• Cacao nibs are simply cacao beans that have been chopped up into edible pieces, much like chocolate chips without the added sugars and fats. Cacao nibs contain all of the fiber, fat, and nutrients that the cacao bean does.
  • Cacao powder contains more fiber and calories than cocoa powder since more of the nutrients from the whole bean are still intact.
  • Cocoa is the term used to refer to the heated form of cacao that you probably grew up buying at the store in the form of cocoa powder.
  • Though cocoa may seem inferior to raw cacao, it’s actually very good for you (and less expensive) if you choose a variety without added sugars and milk fats or oils.
  • Cocoa powder is produced similarly to cacao except cocoa undergoes a higher temperature of heat during processing. Surprisingly, it still retains a large amount of antioxidants in the process and is still excellent for your heart, skin, blood pressure, and even your stress levels.
  • Cocoa powder is a rich source of fiber, has little fat, and has a bit of protein in it as well.

You can use cocoa powder and cacao powder interchangeably in baking recipes, smoothies, oatmeal, cookies, and homemade raw treats, or even stir them into your coffee for a homemade mocha.  Both cacao and cocoa are highly nutritious for you. If you want more nutrients, I would suggest you choose cacao, but if you want less calories and decent source of antioxidants, then definitely go with cocoa powder.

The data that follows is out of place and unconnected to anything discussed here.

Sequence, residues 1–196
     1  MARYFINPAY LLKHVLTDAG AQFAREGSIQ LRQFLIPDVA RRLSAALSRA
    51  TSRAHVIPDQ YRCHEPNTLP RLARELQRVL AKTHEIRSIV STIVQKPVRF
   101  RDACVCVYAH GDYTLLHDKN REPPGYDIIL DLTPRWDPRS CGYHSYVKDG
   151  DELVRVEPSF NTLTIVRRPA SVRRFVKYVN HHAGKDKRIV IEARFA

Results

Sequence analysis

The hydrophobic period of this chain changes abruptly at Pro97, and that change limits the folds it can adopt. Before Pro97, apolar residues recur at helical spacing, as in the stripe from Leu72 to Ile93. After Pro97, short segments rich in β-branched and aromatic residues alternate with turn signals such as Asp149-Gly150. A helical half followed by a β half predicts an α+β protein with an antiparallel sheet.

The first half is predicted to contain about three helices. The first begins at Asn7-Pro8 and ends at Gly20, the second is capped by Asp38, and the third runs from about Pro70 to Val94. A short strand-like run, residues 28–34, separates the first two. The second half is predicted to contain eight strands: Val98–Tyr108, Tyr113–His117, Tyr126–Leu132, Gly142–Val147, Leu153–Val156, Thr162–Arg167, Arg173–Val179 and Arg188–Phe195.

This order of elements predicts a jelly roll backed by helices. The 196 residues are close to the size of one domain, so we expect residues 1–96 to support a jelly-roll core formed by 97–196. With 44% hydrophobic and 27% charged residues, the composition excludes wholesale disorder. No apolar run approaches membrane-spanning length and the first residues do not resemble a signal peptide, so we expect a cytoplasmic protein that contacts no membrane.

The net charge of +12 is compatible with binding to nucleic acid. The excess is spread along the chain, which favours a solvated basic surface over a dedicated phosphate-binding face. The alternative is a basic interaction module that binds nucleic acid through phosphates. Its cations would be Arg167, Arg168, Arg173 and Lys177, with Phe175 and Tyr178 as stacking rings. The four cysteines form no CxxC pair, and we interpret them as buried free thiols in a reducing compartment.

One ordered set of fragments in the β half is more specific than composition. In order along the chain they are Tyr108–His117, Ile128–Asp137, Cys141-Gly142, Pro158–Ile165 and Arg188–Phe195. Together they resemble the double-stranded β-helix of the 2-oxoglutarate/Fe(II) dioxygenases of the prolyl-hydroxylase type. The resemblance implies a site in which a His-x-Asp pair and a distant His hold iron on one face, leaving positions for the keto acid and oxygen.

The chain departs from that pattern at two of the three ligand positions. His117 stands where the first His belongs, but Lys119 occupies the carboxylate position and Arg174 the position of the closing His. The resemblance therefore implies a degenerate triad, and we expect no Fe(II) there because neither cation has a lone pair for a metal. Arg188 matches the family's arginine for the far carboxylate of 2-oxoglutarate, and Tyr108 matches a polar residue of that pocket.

Did You Know?

The Aztecs used the cocoa bean to produce a beverage called xocoatl. The cocoa bean was introduced to Spain in the 16th century. The first chocolate bar was made in Switzerland in 1819, and in 1875 the milk chocolate was invented. Theobromine, an ingredient, is a very mild stimulant with a mild diuretic action (increases the production of urine). Theobromine can be toxic to animals like dogs, cats, parrots and horses.

 

ARISE BAKERY COMES TO MARIPOSA

Reah Roberts is young lady who grew up in Willits and shopped with her parents at the earliest Mariposa Market. She now lives in Arcata, and has started a gluten-free bakery there. We will be carrying her wonderful gluten-free breads in our frozen case as of Nov. 7th. Here is a blurb about this bakery: